First, there are some considerations to keep in mind here. I had a hard time finding data for season seven, which is not done airing yet, so I’ve excluded season seven from any graphs with death counts. Also, it’s actually quite difficult to quantify these deaths. For examples, in major battle episodes, such as Battle of the Bastards, Blackwater, and especially The Spoils of War, obviously tons of people die. But most of them are soldiers who aren’t central to the plot, and their deaths aren’t really explicitly shown. The source I used counts deaths that are clearly mentioned or shown. Even though the major battles have the most overall implied deaths, it’s hard to keep track of that with so much happening onscreen, and that is evident in the death count.

From the bar graph of deaths per episode, we can see that each season has a few episodes that are particularly bloody - such as the Red Wedding in season three, Dany burning all the khals alive in season six, and the battle between the Night’s Watch and the wildlings in season four. Additionally, season six episodes signficantly increased the amount of deaths, with three episodes surpassing ten deaths.

To me, the episodes with the most deaths aren’t necessarily the most brutal episodes of the series. The death counts don’t properly account for the implied deaths in battles, and the counts don’t convey the importance of certain characters. For example, The Pointy End has the most deaths of all season one episodes, since this episode included all of Ned’s guards being killed. However, most people would say that the episode right after, with Ned’s execution, is the most impactful, horrifying episode of the season.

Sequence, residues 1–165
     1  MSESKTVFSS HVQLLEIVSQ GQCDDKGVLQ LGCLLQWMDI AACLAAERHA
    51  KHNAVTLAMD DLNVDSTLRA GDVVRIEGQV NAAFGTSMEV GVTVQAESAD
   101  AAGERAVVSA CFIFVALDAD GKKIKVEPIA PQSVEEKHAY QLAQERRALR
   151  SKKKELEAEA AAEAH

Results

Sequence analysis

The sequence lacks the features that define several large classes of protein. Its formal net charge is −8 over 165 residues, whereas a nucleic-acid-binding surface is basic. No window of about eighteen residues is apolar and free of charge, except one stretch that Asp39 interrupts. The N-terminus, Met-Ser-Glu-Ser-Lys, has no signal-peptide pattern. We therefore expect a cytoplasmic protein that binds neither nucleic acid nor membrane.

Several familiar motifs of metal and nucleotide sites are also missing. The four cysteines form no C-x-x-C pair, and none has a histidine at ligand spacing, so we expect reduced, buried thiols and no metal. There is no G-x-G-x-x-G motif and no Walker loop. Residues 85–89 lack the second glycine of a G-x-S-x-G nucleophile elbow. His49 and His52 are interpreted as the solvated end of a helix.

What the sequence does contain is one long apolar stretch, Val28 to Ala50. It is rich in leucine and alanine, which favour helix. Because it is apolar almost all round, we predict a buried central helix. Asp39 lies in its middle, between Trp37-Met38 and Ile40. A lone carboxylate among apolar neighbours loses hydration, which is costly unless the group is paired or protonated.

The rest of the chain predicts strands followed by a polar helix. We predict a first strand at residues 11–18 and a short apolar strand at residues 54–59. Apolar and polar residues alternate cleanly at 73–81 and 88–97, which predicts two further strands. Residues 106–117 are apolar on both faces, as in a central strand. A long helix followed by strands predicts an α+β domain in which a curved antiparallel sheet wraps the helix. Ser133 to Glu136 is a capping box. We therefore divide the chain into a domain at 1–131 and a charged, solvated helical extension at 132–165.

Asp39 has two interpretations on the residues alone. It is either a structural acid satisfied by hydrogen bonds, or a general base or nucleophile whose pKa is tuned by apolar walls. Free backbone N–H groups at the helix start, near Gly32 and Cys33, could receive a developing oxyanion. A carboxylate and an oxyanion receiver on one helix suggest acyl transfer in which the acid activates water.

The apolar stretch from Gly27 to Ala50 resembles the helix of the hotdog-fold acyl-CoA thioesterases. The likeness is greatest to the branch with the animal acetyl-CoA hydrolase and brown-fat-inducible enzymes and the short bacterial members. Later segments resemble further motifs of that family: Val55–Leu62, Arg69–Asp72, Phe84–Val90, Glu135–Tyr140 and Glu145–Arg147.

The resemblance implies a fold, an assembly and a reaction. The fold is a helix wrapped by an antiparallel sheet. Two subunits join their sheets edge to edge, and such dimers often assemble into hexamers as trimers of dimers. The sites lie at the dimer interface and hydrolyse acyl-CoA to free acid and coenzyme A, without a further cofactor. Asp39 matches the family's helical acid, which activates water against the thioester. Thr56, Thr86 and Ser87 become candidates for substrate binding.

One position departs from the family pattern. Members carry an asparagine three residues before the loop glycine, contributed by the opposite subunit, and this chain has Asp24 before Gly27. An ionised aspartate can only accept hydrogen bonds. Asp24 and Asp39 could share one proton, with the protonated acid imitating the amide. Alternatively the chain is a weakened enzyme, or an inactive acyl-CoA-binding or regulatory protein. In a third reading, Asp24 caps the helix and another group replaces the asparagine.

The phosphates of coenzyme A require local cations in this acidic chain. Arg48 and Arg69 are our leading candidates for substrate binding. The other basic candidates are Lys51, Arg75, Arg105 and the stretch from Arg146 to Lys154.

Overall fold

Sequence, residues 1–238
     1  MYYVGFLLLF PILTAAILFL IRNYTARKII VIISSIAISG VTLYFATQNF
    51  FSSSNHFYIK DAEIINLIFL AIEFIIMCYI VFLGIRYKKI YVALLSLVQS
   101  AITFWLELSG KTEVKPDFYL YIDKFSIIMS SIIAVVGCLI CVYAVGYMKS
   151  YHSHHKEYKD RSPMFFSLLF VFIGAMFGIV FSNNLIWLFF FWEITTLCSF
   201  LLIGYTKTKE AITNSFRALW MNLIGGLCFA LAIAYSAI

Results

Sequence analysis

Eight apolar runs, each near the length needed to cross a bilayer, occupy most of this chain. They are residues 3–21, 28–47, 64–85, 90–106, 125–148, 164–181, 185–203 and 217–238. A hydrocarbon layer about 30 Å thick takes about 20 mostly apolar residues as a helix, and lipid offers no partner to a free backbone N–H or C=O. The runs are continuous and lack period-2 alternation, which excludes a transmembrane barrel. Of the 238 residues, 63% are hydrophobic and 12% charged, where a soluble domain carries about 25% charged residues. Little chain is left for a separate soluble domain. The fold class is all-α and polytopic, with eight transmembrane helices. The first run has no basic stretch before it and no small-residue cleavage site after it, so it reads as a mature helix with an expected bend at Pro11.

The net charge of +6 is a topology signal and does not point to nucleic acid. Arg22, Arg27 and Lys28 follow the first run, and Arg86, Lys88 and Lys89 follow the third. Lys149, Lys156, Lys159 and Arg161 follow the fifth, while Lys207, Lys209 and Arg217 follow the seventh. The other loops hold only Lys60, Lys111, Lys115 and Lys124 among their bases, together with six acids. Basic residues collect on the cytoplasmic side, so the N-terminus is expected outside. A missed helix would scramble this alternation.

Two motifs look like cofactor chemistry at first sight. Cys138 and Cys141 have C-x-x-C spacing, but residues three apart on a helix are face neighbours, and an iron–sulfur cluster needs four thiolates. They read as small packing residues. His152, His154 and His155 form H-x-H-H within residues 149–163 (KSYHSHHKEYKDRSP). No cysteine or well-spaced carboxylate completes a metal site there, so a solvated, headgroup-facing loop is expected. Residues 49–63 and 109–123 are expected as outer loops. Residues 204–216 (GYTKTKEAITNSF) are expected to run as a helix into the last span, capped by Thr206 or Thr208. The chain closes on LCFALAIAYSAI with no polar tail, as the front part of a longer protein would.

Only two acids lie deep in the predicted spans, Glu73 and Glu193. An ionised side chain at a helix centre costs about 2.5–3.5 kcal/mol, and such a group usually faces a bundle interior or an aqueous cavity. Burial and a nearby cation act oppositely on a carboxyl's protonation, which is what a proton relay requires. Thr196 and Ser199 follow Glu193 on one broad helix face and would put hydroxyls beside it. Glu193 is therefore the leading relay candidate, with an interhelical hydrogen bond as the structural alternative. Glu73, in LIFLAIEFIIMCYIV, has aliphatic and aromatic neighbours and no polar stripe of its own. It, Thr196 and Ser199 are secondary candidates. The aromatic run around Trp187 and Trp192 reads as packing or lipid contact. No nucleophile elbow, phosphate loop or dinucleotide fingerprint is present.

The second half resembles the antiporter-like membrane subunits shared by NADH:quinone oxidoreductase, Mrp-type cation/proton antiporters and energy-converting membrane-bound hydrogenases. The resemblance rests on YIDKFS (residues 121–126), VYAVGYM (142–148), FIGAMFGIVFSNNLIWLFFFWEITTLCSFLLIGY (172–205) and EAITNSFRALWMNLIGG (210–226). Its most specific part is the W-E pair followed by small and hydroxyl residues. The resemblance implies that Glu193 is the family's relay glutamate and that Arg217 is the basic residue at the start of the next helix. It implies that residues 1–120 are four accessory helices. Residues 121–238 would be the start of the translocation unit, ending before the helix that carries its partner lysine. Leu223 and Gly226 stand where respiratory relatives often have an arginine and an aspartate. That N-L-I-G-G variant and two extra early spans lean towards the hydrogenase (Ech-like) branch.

Furthermore, maybe the deaths of minor characters don’t mean as much to me because of the sheer number of deaths in Game of Thrones. There are only four episodes in the entire series where no one died. It’s expected that there will be casualties of some sort during a Game of Thrones episode, which reduces the impact of deaths of minor characters. This is especially true when plotting episodes based on ratings and deaths. Sure, there’s some very loose correlation between ratings and deaths, but there are also outlier episodes that have a rather high death count but not a high rating. Many of these are from season six, which we’ve already identified as an inconsistent season. Deaths set against below average storytelling clearly do not lead to high user ratings.

Let’s wrap this all up by looking at average episode viewership, user rating, and death count on an aggregate level.

This chart confirms some of the earlier observations. Notably, viewership grows steadily from seasons one to four and then is more stagnant for seasons five and six. Season five’s relatively low average rating and inconsistency between episodes likely contributed to this. It should also be noted that the potential audience for the show is finite and it’s impossible for the number of Game of Thrones viewers to continuously grow at the same rate. That being said, it’s impressive that the show’s audience has yet to peak.

It’s also very clear here that there was a fairly significant increase in the average deaths per episode in season 6. This increase was not obvious to me when watching the show, though – deaths in the show always seemed like Game of Thrones being Game of Thrones.

Finally, let’s look at how consistent the average season ratings are here. Even though I’ve criticized Season 5 quite a bit, its average rating, the lowest of all seasons, is 8.85 – 8.85 out of 10 is not bad at all. Even at its worst, Game of Thrones is great television.